There is no fool-proof method to keep snakes out of or away from pools. The most effective thing you can do to keep them out is to install a fence or barricade around the pool that a snake cannot crawl through. The structure should have a solid bottom feature buried into the ground that includes a dense, mesh wall that's at least 4-feet high. Keep bushes and shrubs away from the fencing so the snake won't get over the fence by first climbing up through adjacent bushes.

How to Prevent Snakes
The exterior of a house.

Snakes use their tongues to sense and perceive things. They don't really use smell as warm-blooded animals or mammals do for perception, so the common snake-repellant advice of tossing odorous mothballs onto the ground isn't effective. Some products used by professional exterminators, on how to keep snakes away, are effective but may be toxic to pets and people. 


The best snake-repelling products are made of materials a snake does not want to feel on its skin. Hard, rough, uneven surfaces such as gravel, stones and coarse mulches will be unappealing to a snake, and will encourage it to relocate. It will not want to move along rough surfaces and will choose a smoother surface to traverse instead. You'll learn how to keep snakes away by following these preventative steps.

How to Handle Snake Bites
Person treating a snake bite.

What do you do if you or a pet is bitten by a snake? Even if you're unsure if the snake is venomous or not, follow the steps below.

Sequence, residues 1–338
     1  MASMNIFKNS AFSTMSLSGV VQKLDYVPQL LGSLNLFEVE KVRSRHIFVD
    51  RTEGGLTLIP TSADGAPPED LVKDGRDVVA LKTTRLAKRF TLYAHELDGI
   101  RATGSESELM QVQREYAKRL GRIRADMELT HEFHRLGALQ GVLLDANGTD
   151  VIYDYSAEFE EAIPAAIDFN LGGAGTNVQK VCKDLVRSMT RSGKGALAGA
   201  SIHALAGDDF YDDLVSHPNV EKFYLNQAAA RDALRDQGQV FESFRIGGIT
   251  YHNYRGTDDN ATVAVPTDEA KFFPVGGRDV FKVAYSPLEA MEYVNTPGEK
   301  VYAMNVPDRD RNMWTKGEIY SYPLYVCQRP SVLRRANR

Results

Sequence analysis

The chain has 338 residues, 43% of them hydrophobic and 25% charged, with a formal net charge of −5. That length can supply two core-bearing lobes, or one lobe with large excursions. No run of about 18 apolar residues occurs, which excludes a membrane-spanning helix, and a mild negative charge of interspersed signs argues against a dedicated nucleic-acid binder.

1. Call an ambulance. Venomous or not, a snake bite should always been seen as an emergency. It's always better to be safe than sorry. There's no time to wait it out.

2. Don't move, and try your hardest not to panic. If the snake is venomous, moving will make the venom spread quicker. The best thing you can do is remain immobile till help arrives. However, if the snake is still nearby, create distance between you and the animal.

3. Leave the snake alone. Do not try to figure out the kind of snake it is, as the hospital will be able to run tests to figure it out and how best to proceed.

4. If you're able, apply pressure to the bite wound. Even a t-shirt will do. But do not tie the t-shirt around the affected limb. And never wash, cut or suck the wound. These older methods do not help.

Venomous vs. Non-Venomous Snakes
Close-up of a rattlesnake.

It's not always easy to tell the difference between a snake that's venomous and one that is not. However, there are a couple signifiers to be on the lookout for if you ever come across a snake.


  • Pupils: Similar to the eye of a cat, most venomous snakes have pupils that are black, thin and vertical. Meanwhile, most non-venomous snakes have round pupils.
  • Coloring: Sometimes coloring can signify if the snake is venomous or not. There's the old rhyme, red touch black, safe for Jack, red touches yellow, kills a fellow. This is not always true, so be sure to do proper research before assuming the worst.
  • Head: Most venomous snakes have a more triangular head shape, whereas non-venomous snakes have a rounded head. Some venomous snakes can also be determined by the holes on their heads. However, seeing these may prove difficult.
  • Behavior: This may be complicated for an untrained individual to notice, but certain venomous snakes exhibit specific behaviors. One of the most well-known and obvious is that of the rattlesnake, who will shake its tail to create a sound that sends out a warning.



To learn more about the nature and habits of snakes, consider visiting a zoo or local nature center. There you can see a snake in a semi-natural habitat. When you see what the snake does and how it moves, your personal observations can provide more insight when deciding what to do if they are found on your property. And if snakes persist around your home, look into methods of snake control, snake spray, snake granules or call a professional to help.